A visibly angry Mayor Dave Cieslewicz lashed out at incoming Gov. Scott Walker at a news conference Thursday, blaming him for an announcement that federal transportation officials were pulling $810 million in free stimulus money to Wisconsin that could have been used for high-speed rail.

Cieslewicz, joined by Dane County Chair Scott McDonell, Steve Hiniker of 1,000 Friends of Wisconsin and Downtown Madison Inc. President Susan Schmitz, called Walker's decision to campaign on a pledge to kill the high-speed rail project between Milwaukee and Madison a "purely irrational" decision that has led to a "black day for the state."

"He put himself in a ridiculously tight corner during the campaign that he couldn't get himself out of," Cieslewicz said.

The mayor said he repeatedly reached out to Walker to talk over options to keep the project on track.

Cieslewicz said he would have been open to the city contributing to the train's operating cost, an idea he also had discussed with Milwaukee Mayor Tom Barrett. Barrett, a Democrat and a high-speed rail advocate, was defeated by Walker in the November election. The mayor said he first tried to contact Walker days after Walker was elected. Cieslewicz said his calls and messages were never returned.

"I was met with a blank wall. I was never able to speak with him," the mayor said. "I think it is very telling about a person. He is not getting off to a good start."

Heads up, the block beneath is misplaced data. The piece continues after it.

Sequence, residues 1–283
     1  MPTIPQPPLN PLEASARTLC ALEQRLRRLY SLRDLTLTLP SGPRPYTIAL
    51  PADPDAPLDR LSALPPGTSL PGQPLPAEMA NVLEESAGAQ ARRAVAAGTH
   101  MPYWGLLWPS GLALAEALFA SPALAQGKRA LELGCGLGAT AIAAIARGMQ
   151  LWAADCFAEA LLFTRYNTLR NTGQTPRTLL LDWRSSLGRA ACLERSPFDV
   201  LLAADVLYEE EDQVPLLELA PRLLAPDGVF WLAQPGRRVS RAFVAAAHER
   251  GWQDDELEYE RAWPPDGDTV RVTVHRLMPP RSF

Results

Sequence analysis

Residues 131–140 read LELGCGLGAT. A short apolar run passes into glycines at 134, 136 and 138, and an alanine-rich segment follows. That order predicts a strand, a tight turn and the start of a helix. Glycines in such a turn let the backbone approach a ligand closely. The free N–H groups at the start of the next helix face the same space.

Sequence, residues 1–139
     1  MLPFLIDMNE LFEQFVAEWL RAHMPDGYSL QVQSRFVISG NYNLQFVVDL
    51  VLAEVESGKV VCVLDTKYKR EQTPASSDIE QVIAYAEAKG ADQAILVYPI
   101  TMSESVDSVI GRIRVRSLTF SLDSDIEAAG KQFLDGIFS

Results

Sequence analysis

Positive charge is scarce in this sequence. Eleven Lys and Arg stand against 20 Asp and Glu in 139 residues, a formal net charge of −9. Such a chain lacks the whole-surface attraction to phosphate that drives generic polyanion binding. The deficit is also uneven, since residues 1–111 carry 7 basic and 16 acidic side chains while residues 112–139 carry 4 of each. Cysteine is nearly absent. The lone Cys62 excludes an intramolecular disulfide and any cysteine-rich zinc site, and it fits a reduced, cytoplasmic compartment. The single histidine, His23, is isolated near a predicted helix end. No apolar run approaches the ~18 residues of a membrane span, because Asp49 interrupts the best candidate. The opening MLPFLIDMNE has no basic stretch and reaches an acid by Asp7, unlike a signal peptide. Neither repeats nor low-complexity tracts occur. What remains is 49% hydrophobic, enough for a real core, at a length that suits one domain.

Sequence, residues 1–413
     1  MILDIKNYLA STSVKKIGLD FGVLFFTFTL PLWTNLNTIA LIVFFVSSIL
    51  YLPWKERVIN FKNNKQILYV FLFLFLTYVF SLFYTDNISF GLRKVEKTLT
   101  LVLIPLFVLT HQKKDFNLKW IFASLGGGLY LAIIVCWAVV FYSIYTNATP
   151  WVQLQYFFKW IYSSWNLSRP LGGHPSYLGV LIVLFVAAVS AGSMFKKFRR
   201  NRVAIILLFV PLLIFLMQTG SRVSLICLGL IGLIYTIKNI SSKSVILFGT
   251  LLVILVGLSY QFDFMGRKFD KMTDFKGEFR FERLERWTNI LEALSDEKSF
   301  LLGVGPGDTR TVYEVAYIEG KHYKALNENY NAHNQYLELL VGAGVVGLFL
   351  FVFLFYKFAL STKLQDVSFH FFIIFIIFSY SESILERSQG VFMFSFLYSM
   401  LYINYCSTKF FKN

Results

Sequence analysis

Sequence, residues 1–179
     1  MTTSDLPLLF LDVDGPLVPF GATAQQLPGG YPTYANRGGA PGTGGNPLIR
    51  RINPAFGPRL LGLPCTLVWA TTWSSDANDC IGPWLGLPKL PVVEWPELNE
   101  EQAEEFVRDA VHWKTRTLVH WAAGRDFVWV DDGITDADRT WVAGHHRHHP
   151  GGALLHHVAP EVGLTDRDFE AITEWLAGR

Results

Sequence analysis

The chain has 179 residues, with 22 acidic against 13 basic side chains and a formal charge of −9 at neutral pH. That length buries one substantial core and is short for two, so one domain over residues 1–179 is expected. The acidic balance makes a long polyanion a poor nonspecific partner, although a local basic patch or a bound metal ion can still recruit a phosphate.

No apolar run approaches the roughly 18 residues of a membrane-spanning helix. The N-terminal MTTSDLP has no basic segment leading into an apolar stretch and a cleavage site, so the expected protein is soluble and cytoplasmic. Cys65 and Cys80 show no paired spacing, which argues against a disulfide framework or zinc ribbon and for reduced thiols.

McDonell said Dane County also was willing to contribute to the operating cost of the train.

"We were trying to give Walker a way to save face, to give him a way out of this position," McDonell said at the news conference.

"If this is an indication of how he is going to run the state, we are in for a long four years," the mayor said.

Because of the political shift in the state, all but $2 million of the stimulus money is now headed to 13 other states. Wisconsin is able to keep the $2 million for upgrades to the existing Hiawatha Line between Milwaukee and Chicago.

In a prepared statement released Thursday afternoon, Walker said “Wisconsin taxpayers were victorious in defeating this project.”

“The last election showed that Wisconsinites oppose runaway government spending,” the statement read. “The Madison to Milwaukee trail line is dead.”

The news comes two days after hundreds of people packed a transportation meeting at the Crowne Plaza to discuss potential rail routes from Milwaukee to the Twin Cities. While not all the routes went through Madison, most did.

"Our connection to the Twin Cities is now down the drain," Hiniker said.

Cieslewicz added that the day can't come soon enough when Walker can be referred to as "the former governor."

Walker takes office Jan. 3.